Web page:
Major Brands No Longer Sweet on High-Fructose Corn Syrup

Gatorade, Wheat Thins Among Products Ditching HFCS for Sugar

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NEW YORK ( -- Bowing to consumer demands, major brands are removing high-fructose corn syrup from some of their products in favor of sugar. Few, however, are shouting it from the rooftops as it would cast a shadow on those products that still contain HFCS.

POP CULTURE: Mtn Dew recently launched limited-time, sugar-sweetened versions of its colas.
POP CULTURE: Mtn Dew recently launched limited-time, sugar-sweetened versions of its colas.
Hunt's ketchup, Gatorade and Wheat Thins are all permanently ditching corn syrup for sugar. Heinz has created a sugar-sweetened version of its iconic ketchup, while Pepsi and Mtn Dew launched limited-time, sugar-sweetened versions of their colas. But with all of these reformulations, only Pepsi and Mtn Dew have made any noise to date.

"We know moms don't like it, and they don't want to feed it to their kids," said supermarket expert Phil Lempert, who has pushed for HFCS removal for a decade. "As a result, the brands that lead the pack to get rid of it, they're going to see an uptick in sales." He added that the sugar shift is an easier one for consumers than say fat-free cheese. Most consumers either don't notice a taste difference or prefer the sugar version.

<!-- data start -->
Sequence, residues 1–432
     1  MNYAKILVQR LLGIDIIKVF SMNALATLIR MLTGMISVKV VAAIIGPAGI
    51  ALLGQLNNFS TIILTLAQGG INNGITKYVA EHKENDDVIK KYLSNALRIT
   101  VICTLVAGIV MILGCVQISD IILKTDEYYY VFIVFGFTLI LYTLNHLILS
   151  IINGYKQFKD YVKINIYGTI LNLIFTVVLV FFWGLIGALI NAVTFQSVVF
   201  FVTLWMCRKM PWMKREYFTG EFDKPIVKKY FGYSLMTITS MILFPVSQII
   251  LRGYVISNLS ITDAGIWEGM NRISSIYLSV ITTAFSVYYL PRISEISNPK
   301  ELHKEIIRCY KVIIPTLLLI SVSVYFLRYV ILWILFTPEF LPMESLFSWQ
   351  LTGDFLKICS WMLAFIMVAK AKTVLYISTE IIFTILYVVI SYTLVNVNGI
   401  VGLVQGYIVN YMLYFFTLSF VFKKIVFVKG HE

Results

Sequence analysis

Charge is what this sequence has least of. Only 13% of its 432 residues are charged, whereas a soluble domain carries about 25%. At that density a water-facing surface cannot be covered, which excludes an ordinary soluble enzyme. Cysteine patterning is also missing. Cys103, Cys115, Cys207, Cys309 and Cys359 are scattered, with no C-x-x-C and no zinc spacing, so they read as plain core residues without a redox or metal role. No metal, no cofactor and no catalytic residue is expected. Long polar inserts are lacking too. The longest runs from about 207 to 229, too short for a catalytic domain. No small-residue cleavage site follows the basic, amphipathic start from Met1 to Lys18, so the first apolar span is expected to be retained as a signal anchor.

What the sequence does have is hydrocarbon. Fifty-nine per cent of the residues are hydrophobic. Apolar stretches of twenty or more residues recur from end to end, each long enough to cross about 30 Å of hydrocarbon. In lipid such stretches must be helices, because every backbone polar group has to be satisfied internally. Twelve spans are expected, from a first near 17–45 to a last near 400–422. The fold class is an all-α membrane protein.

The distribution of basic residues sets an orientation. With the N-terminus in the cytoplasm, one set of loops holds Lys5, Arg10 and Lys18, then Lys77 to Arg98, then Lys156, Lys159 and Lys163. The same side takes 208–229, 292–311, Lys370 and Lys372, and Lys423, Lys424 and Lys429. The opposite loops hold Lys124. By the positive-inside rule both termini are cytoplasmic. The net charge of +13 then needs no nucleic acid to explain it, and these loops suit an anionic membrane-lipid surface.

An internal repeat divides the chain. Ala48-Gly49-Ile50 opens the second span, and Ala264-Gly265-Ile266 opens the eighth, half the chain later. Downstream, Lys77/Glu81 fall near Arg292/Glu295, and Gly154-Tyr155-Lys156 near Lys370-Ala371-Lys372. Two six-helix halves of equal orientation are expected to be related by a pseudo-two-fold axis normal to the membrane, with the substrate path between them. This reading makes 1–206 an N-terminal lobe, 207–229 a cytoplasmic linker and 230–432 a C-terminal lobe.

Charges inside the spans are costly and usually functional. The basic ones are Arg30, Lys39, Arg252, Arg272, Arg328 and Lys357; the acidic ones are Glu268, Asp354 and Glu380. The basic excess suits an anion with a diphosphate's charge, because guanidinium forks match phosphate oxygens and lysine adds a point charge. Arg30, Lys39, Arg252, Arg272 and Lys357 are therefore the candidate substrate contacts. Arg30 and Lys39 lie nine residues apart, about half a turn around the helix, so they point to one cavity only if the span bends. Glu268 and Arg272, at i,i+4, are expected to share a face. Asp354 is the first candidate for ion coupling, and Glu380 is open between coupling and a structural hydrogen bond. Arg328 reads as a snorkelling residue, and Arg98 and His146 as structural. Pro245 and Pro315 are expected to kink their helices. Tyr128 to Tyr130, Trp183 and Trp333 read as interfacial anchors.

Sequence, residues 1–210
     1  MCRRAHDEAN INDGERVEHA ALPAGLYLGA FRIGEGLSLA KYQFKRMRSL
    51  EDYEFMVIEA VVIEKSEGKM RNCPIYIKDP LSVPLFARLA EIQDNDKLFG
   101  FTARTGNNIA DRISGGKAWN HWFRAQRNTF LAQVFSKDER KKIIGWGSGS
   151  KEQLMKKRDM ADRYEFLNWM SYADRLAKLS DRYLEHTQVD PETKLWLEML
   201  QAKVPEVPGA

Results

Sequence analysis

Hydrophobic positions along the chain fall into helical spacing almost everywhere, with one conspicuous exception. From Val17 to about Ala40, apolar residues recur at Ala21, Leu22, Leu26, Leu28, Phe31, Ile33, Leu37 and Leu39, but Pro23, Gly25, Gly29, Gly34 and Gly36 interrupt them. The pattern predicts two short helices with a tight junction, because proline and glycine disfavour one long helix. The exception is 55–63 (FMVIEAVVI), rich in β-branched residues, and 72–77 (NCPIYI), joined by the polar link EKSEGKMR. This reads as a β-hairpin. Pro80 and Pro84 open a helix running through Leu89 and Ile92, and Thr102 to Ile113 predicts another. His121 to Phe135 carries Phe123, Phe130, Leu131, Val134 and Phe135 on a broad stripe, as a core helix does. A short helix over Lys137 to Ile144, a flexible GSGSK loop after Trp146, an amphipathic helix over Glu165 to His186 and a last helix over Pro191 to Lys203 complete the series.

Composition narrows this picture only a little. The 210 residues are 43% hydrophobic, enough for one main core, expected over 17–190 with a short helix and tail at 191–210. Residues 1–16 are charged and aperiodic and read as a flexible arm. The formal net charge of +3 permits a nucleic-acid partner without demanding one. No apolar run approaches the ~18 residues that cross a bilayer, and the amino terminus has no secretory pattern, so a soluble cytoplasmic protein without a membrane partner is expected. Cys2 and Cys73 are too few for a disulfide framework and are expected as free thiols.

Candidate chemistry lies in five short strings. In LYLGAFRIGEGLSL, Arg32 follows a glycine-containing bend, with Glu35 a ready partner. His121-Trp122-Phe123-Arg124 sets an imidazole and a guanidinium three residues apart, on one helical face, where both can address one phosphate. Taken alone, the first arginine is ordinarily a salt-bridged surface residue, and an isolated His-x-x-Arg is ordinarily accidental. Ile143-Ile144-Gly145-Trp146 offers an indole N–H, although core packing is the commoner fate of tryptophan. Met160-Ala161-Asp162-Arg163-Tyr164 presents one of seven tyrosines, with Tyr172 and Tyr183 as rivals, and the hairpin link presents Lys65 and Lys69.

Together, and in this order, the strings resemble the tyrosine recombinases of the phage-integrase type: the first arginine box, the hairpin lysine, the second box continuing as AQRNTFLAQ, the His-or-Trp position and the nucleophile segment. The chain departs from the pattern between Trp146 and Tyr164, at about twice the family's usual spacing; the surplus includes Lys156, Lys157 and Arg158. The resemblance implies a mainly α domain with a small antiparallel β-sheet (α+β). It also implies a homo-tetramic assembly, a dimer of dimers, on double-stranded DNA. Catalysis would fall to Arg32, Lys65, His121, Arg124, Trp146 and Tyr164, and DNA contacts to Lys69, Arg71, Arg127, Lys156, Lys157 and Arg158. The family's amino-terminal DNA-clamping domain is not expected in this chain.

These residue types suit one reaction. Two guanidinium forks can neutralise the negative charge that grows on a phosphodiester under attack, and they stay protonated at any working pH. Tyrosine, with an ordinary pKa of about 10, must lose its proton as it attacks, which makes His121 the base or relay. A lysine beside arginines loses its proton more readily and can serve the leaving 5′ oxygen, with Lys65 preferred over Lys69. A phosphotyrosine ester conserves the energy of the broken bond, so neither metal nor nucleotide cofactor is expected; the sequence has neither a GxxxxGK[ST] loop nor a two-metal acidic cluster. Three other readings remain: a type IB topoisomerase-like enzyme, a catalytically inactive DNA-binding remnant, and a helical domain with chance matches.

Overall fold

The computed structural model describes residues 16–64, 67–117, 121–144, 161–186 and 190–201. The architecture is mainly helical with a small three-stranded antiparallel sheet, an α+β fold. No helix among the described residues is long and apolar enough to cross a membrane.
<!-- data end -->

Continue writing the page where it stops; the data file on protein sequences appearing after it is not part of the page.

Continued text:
In that case, why would marketers downplay the change? "There is a risk there," said Gary Hemphill, managing director-chief operating officer at Beverage Marketing Corp. "That's one of the reasons I don't see it being a centerpiece to a marketing campaign."

Indeed, in looking for and switching to alternatives such as cane sugar, brands are coming across a host of marketing challenges. The biggest risk is that trumpeting sugar could undermine other products in the portfolio that will continue to use HFCS. For instance, Heinz is launching "Simply Heinz" this month, though the rest of its ketchups will continue to use HFCS. The product is being billed as part of the marketer's lifestyle range, which also includes organic and reduced-sugar ketchup. Heinz says it is not planning a marketing campaign for the new line.

Avoiding overreach
Brands must also be careful not to miss the mark by aggressively promoting the change to consumers who may not have given HFCS much thought.